This comparatively large cave is divided into three parts with walls of mud and adobe, turning it into complex of three shrines – trikūta. Earlier this structure had paintings in the so-called “Northern Technique” – similar technique has been used also in Bagh Caves. First, on the bricks, there was laid a thick layer of mud and then it was covered with lime. The material was bound by animal gum. The light surface of lime was suitable to make colorful paintings. Unfortunately, these paintings have not been preserved up to this day. But the fact that this method has been used in Southern India testifies that it might have been used in other structures of this region as well. It is also quite possible that guilds of artists were moving around medieval India, influencing the local traditions.
Happily cave had paintings in other techniques as well – in the so-called “Southern technique”. These paintings have been preserved a lot better. Ceiling and walls of the cave are covered with beautiful color paintings depicting the stories of Jainism. These paintings are similar to murals in Sittanavasal cave which is located 250 km further to the south. The western part of the ceiling is adorned with floral designs with the lotus as a dominating motive – similar as in Sittanavasal. Paintings show also a standing lady with other people.
The entrance in the cave is facing to the south. Cave floor contains deposits relating to Iron Age, in the valley below there are found remnants related to burials. In the debris of the cave there were found some fragments of sculptures – dvarapalas – guards of the portal, as well as details of lotus carving with Tamil inscription mentioning “Sri Kanaka… a disciple of Nandi Bhatāra.”
Armamalai Cave is exceptionally valuable and at the same time fragile monument of art and history – thus here is not given the exact address of it.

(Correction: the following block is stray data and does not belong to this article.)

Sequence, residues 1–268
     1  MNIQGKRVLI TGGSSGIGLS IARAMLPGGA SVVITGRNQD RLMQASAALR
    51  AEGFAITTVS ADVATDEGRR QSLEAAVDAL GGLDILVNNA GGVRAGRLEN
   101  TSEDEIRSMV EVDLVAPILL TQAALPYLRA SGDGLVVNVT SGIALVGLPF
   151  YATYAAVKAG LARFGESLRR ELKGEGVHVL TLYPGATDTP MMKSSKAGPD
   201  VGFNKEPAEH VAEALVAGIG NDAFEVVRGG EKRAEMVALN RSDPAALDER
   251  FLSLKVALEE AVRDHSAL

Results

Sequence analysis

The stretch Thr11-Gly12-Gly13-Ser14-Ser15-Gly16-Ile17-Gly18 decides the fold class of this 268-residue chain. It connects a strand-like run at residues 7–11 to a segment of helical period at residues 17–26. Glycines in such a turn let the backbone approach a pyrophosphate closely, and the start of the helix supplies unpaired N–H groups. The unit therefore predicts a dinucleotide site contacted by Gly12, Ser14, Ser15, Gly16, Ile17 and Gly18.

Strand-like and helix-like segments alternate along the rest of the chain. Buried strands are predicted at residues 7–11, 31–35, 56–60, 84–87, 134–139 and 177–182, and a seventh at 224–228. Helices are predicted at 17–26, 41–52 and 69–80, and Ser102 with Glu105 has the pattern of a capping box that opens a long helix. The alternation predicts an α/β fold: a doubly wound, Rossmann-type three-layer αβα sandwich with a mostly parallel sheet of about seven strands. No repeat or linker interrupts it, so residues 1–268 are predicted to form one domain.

Armamalai Cave is included in the following list:
- Nagendra Kr. Singh. Encyclopaedia of Jainism. New Delhi, 2001.
Armamalai Cave on the map
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|Location, GPS coordinates:||12.7250 N 78.7269 E (mistake up to 2000 m)|
|Categories:||Jain shrines, Caves, Petroglyphs and rock art|
|Values:||Art, Architecture, History, Archaeology|
|Where is located?||Asia, India, Tamil Nadu, Vellore District, between Vaniyambadi and Ambur, near Malayampattu|
|Age:||the 8th century AD|
Video of Armamalai Cave
ILAKIYA OLI – இலக்கியஒலி, January 2019
India is seventh largest country of world by area, and, naturally such a large area contains huge amount of exciting attractions…
Wondermondo considers that India is the second richest centre of architectural heritage in the world after Europe and maybe no single country of the world can match it in this respect.
Jainism originated in India around 840 BC and is well-known as a religion heralding respect and compassion to all living beings of the world and promoting non-violence and constant spiritual development.
Jain temples belong to the most ornate and most impressive buildings of world. In their construction there is used stone with intricate, refined carvings.
From refined portraits of resplendent maharajas to earthy depictions of divine rogues cavorting with milkmaids, Indian miniature paintings depict the world as it should be: radiant, plentiful and passionate. These manuscript illustrations combine vibrant color with exquisite delicacy, offering immediate impact while also rewarding lengthy examination.
Tamils have a long history starting from the pre-historic period. Retracing their history is facilitated by various sources. One-third of India’s epigraphical sources pertain to Tamil Nadu and one of the dynasties of Tamil Nadu – the Pandyas – had the privilege of continuous rule from third century B.C. to sixteenth century A.D. It is a unique accomplishment in the annals of history, since very few dynasties in the world have reigned for such a long time.